To start the transformation from a seed into a young seedling, seeds typically require some warmth, air and moisture to encourage the germination process to get underway.
Propagating plants from seed is easy and highly worth the effort. Many plants can be easily germinated from seed even at low temperatures (e.g. Cabbage, Kale, Lettuce, Onion, etc), however some require warmer conditions to get underway (e.g. Capsicum, Chilli, and Eggplant).
Should I sow direct or transplant?
It depends on what you are growing. Some plants are best started off in seed raising trays or containers, so you can closely control the conditions they are exposed to. These seeds typically produce slower growing seedlings that do best with early nursing and protection from weather and pests (e.g. Pumpkins and Tomatoes).
There are also plenty of plants that will perform well when sown directly into your garden (e.g. Carrot, Coriander, Radish). These seeds normally produce fast growing and strong seedlings, however they may still need some protection from harsh weather and pests.
Following the instructions listed with your seed packet will generally encourage best results, as some plants are fussy about what they do and don’t like.
Handy Tip: Investing in a greenhouse, even a low cost version for the short term, or a small heatpad can significantly help with germinating heat loving varieties that are a bit stubborn to get started.
How deep should I sow my seeds?
Please note that a general rule for sowing seeds is a maximum depth of 2x the seed’s size. This means that fine seeds are often best barely covered or even scattered on the surface of your seed-raising medium, and then watered in carefully. Larger seeds on the other hand can be buried just below the surface, and then covered and watered in carefully.
When seeds are planted too deeply, it can lead to the seed decaying before it manages to germinate.
Seed raising mixes are typically better than garden mixes for germination, as they are formulated to a fine texture to give your seeds and young seedlings the best chance at life. Be careful about using garden soil containing weed seeds and packed very tightly with little oxygen, as sufficient air is essential for germination.
You want to water regularly but only water lightly, to try and maintain even moisture levels during germination. Some moisture is essential for germination, but a common mistake with new gardeners is overwatering their freshly sown seeds. Beware that too much water can cause ‘damping off’ and root rot in your young plants, which will slow growth or even kill them. Watering from the top using a fine sprayer is recommended, as you don’t want to soak the seeds too heavily or wash them away.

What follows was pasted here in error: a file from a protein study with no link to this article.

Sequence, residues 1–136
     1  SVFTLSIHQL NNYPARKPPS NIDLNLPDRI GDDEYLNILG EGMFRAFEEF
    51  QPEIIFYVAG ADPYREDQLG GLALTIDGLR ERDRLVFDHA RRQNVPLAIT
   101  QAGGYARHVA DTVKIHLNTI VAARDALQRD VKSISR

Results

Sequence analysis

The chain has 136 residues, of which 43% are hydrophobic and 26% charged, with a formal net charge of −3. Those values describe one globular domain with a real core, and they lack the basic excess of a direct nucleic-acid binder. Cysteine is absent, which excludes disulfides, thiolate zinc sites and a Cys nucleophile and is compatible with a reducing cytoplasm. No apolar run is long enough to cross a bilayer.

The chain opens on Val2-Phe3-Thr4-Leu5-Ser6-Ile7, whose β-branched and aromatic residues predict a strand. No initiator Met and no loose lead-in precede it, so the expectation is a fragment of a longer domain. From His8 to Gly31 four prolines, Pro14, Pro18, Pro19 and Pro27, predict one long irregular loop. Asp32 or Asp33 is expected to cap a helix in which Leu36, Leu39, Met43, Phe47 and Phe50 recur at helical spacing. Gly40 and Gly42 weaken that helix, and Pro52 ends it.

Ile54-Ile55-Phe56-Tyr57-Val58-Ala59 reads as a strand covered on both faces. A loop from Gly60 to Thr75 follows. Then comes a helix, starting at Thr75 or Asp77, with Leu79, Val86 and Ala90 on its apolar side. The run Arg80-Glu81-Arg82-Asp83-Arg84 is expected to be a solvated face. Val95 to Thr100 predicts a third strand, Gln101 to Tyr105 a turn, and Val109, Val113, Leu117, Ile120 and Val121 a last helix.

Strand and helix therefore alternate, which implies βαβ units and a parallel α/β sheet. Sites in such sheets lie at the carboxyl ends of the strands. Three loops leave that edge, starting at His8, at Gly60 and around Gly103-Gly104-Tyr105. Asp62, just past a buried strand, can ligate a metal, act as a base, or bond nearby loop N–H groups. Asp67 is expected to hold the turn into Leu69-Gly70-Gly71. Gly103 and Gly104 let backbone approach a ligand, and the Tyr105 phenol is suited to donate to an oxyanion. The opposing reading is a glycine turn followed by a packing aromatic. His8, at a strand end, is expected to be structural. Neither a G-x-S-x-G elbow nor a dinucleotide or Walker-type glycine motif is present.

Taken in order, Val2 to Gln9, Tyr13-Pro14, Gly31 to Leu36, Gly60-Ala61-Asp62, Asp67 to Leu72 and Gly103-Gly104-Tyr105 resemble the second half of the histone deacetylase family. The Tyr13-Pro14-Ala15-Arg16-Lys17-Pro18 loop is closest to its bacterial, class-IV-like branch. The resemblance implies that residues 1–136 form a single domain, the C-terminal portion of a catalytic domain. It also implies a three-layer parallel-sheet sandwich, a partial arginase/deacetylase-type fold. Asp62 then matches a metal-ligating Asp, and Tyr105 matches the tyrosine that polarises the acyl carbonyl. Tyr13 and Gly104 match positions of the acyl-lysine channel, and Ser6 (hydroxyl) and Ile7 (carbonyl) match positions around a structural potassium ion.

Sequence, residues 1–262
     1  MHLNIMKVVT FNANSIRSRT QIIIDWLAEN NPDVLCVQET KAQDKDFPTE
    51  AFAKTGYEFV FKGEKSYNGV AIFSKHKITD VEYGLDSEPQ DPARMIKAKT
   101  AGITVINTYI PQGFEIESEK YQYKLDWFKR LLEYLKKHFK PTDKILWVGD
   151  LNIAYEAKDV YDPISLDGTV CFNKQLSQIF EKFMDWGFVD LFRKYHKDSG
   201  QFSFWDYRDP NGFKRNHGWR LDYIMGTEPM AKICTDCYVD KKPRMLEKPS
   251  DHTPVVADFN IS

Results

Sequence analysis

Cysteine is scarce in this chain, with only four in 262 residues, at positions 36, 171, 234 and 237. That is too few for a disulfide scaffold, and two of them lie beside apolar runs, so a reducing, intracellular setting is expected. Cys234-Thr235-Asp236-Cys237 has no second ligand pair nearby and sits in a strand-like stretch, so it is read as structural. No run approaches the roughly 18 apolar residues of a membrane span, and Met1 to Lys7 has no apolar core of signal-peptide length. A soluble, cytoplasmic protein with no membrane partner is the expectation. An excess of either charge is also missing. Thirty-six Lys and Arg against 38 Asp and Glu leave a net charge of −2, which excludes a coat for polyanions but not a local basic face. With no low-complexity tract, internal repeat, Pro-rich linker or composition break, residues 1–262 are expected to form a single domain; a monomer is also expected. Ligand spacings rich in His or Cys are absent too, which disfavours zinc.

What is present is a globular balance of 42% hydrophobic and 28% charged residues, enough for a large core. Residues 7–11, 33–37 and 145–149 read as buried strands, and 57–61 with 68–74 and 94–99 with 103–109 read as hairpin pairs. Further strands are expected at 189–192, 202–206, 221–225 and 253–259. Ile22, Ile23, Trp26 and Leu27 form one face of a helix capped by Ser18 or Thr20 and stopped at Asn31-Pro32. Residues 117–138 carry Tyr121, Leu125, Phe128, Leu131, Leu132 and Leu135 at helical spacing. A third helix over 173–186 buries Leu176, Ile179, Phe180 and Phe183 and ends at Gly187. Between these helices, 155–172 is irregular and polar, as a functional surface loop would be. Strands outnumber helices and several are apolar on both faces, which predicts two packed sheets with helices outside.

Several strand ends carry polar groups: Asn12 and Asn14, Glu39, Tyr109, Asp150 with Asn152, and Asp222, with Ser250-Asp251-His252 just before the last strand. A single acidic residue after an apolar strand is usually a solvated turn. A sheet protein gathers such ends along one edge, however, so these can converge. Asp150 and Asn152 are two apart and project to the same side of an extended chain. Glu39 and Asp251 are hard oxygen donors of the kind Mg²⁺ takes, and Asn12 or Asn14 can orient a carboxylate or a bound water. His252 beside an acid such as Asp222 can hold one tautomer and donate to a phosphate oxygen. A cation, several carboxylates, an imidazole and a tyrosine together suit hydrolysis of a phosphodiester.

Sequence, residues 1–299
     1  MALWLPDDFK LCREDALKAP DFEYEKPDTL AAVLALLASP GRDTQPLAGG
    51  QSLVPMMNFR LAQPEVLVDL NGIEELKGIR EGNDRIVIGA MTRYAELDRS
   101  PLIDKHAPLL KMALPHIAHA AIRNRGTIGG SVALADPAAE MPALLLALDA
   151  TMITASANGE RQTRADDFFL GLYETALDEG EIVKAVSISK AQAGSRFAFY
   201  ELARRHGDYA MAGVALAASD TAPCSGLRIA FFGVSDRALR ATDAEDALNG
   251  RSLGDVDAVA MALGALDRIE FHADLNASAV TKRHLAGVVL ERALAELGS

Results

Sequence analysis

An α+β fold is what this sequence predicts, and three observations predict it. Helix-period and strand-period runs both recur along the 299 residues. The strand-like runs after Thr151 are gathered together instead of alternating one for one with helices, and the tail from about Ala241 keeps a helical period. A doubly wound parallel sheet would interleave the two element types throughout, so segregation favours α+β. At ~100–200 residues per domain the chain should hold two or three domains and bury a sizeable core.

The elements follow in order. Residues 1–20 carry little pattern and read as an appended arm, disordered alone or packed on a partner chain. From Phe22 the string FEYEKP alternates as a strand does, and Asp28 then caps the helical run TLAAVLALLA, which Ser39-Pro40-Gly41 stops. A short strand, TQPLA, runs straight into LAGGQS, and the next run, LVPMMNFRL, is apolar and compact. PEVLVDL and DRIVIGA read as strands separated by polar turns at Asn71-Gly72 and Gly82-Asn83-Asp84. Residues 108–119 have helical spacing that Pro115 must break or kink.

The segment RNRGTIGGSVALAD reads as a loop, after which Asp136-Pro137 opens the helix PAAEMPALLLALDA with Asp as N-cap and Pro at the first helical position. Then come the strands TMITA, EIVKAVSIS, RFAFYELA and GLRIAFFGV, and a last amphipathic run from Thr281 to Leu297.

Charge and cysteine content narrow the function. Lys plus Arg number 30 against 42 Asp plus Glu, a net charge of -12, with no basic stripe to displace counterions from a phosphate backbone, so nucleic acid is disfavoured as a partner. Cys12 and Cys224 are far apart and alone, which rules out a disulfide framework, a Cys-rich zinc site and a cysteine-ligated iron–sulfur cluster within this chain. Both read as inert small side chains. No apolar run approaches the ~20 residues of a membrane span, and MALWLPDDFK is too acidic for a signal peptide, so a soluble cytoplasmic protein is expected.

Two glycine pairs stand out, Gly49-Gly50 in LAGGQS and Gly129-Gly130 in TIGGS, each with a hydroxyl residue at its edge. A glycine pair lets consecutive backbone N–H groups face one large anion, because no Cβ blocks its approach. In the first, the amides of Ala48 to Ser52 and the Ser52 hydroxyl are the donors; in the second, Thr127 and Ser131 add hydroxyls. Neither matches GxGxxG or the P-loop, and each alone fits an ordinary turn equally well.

For plants started indoors, once the seedlings start to develop true leaves you can begin to harden them off by putting them outside - starting off for a few hours a day, and over several days increase their exposure - so that they become strong enough to thrive outside.
Growing strong, healthy plants
Remember that by feeding the fruit and vegetable plants in your garden, they will feed you. This means you want to encourage good healthy soil as much as possible, as this will significantly affect how vigorous and productive your plants are.
The best way to prepare and maintain good healthy soil in your garden is to regularly add organic matter like compost and aged manure, as well as adding mulches. Mulching helps to keep your garden weed free and your plants’ roots moist, which reduces the amount of watering required and improves growing performance. Natural fertilisers such as seaweed tonics or compost teas can also help to replenish nutrients used in the plant growing process, and help to keep insect pests and diseases at bay.
As you start growing you’ll quickly start learning more about your plants and develop techniques and methods that work well for you. If some plants don’t work out that’s ok, not every plant will, but there will be many that surprise you with their outstanding success. Just keep reading and learning more, and you’ll be a guru gardener in no time.
Getting a bunch of new seedlings started for your garden is surprisingly easy and a lot of fun. Seeds are available in a much wider range than the plants on offer at your local garden centre, so why not give growing some unique varieties a go!
If it’s your first time just start small with a few varieties you’re really excited about and take it from there. Not only can you save lots and lots of money, most gardeners agree that growing from seed is the most rewarding form of gardening.